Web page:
ABC’s Public Information Officer, John Carr, said ABC is “loosening restrictions” because they understand “there are many people who need those paychecks to support themselves, their families, and their loved ones.” 

While ABC maintains they have no authority over private settings and their flexibility is strictly for the sake of service-industry employees, their leniency and support of delivery services have been integral in the current at-home drinking movement.     

Not every bottle bought is being tossed back, though. A portion of current alcohol sales points to stockpiling: a slew of folks imagining a day when they’ll need whiskey and wine to barter for bread and water. According to Drizly, consumers are placing larger orders, spending 25-50 percent more than normal. “This indicates a stock-up mentality,” says a Drizly representative. “People are making sure they’re prepared.” 

Another polarizing fact is that this spike in liquor sales via delivery Apps mostly benefits the bigger liquor brands owned by multinational conglomerates. Smaller liquor brands are rolling with the punches since they have yet to see an upward trend in sales.

To remedy the severe loss in revenue and simultaneously supply their employees with some (albeit skimpy) hours, most restaurants are offering to-go cocktails alongside their usual menu. These beverages are to be sold in sealed containers with no holes for straws or sipping, per ABC’s guidelines. 

Jen Frizzel, the manager of The Redwood Bar & Grill in downtown L.A. says while her to-go beer sales are surpassing to-go cocktails, the extension of the quarantine has inspired her staff to get creative. “We’re coming up with all kinds of ideas to market and sell our cocktails,” she says. “By the time this whole thing is over, I bet ABC opts to keep the to-go cocktail idea.”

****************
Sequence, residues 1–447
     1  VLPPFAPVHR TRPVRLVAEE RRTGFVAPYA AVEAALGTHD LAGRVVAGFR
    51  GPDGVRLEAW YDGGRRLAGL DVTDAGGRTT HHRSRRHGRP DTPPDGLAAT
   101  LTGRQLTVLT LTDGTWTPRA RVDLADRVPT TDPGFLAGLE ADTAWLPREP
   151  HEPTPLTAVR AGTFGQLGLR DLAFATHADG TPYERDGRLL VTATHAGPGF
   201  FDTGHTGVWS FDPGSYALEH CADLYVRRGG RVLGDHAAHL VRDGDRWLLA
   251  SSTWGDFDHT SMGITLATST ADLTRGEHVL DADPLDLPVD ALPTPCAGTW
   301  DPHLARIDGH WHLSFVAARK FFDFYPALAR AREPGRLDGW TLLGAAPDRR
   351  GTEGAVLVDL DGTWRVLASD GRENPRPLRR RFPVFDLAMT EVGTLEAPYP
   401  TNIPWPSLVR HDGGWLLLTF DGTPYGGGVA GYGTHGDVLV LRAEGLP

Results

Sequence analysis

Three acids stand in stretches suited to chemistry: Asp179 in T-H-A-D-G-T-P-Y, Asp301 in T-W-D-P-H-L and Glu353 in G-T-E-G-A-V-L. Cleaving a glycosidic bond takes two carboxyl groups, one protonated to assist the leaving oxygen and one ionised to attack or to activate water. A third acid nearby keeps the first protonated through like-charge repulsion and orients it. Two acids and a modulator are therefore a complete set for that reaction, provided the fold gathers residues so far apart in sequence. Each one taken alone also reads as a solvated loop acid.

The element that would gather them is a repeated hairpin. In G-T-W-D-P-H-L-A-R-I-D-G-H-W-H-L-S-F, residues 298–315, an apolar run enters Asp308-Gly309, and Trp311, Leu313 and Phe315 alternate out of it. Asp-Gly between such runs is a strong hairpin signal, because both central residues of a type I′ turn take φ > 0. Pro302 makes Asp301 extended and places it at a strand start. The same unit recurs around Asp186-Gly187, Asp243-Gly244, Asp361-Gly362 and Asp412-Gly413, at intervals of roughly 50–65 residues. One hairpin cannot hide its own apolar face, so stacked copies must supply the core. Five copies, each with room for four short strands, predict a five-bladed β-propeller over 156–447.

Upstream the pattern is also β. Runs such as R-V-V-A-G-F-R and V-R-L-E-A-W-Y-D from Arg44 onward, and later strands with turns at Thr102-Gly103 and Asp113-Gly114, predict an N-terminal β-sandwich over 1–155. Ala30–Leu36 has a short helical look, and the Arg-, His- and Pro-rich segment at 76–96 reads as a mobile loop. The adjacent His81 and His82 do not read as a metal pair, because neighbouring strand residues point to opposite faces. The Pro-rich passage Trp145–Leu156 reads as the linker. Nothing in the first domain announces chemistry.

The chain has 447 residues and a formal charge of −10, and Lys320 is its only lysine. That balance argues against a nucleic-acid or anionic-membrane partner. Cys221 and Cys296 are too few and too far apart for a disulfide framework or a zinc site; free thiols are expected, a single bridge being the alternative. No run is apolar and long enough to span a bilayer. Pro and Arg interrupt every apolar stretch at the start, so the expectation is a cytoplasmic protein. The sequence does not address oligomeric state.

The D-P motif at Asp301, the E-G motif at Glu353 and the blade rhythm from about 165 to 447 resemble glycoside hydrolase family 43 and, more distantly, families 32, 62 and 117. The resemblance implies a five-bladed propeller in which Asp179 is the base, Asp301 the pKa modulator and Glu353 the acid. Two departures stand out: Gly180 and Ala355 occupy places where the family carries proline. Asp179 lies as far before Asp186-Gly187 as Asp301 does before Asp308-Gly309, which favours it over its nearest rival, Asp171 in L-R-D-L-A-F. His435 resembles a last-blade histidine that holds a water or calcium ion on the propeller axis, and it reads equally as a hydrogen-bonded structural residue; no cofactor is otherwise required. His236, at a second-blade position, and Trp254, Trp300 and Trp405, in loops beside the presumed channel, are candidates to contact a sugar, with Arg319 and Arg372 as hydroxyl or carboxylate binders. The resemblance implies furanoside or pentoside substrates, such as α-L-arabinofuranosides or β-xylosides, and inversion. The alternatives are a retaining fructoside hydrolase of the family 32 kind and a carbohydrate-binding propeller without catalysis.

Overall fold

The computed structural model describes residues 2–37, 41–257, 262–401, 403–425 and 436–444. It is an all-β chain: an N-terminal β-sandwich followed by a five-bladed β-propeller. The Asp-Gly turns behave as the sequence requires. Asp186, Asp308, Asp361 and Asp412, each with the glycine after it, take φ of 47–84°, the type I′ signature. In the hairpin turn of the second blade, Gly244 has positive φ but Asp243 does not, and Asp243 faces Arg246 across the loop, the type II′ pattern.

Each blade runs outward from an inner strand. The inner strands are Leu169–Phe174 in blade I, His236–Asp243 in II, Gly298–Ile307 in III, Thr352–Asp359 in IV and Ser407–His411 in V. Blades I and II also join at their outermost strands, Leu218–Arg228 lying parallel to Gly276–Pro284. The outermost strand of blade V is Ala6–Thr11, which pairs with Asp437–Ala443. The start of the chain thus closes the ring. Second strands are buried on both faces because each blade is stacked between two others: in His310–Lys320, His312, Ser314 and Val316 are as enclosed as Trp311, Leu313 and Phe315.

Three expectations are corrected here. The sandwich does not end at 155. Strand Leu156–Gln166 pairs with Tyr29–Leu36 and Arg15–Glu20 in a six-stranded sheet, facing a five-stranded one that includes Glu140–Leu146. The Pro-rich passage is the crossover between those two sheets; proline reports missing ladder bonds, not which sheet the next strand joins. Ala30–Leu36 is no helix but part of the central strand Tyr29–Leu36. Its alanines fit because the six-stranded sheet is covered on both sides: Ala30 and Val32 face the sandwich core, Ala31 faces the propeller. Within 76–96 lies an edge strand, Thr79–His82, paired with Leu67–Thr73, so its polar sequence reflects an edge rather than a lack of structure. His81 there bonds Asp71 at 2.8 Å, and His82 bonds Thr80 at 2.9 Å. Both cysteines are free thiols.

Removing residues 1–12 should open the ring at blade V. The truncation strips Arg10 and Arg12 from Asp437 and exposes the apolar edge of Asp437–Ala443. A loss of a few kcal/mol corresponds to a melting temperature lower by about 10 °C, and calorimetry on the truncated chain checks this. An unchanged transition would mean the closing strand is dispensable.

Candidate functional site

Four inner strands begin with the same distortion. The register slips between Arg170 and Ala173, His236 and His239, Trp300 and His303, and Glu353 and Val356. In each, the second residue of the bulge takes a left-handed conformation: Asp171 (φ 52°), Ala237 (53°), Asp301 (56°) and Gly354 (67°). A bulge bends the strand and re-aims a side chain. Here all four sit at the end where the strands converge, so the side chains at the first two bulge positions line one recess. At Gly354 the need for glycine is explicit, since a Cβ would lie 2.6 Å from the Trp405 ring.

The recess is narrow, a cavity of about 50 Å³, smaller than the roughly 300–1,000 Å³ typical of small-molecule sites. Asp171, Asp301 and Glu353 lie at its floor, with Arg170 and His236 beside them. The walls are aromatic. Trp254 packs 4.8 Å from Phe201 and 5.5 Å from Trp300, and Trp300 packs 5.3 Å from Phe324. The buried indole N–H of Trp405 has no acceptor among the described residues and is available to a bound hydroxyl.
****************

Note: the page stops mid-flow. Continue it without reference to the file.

On the other hand, bar manager Olga Moedano cites the idea as being helpful in theory, but otherwise detrimental. “Bars [and restaurants] are losing money during this lockdown, period.”

Another polarizing fact is that this spike in liquor sales via delivery Apps mostly benefits the bigger liquor brands owned by multinational conglomerates. Smaller liquor brands are rolling with the punches since they have yet to see an upward trend in sales. “Small brands like us, who rely on the bar and restaurant business, are continuing to get creative online with content to stay relevant in the eye of the consumer,” says Gilbert Marquez of Ilegal Mezcal. 

He shares with L.A. Taco that they have been hit hard by bar closures around L.A. since they, like many other brands, are focused on bar sales rather than direct-to-consumer. ‘Who would imagine that mezcal would get this big in the first place? We worked hard to help get the category to the level it was before all this. We will work even harder to keep it going and make sure our production partners in Oaxaca make it through this with us.”

Still, a handful of Angelenos are definitely drinking more freely during these uncertain and stressful times. Bars and restaurants are socializing tools that tons depend on for relief. Without access to these outlets, drinking from home becomes the obvious alternative. And with some out of work, others ordered to work from home, and everyone in quarantine, the circumstances and adjustments have homogenized into a 24/7 happy hour. Cracking a beer on the clock or tossing back that morning tequila are more than acceptable practices in the days of COVID-19. 

If we must remain six feet apart, stuck at home with nothing but Tiger King to keep us from going crazy, a six-pack is not only something delivered, but deserved.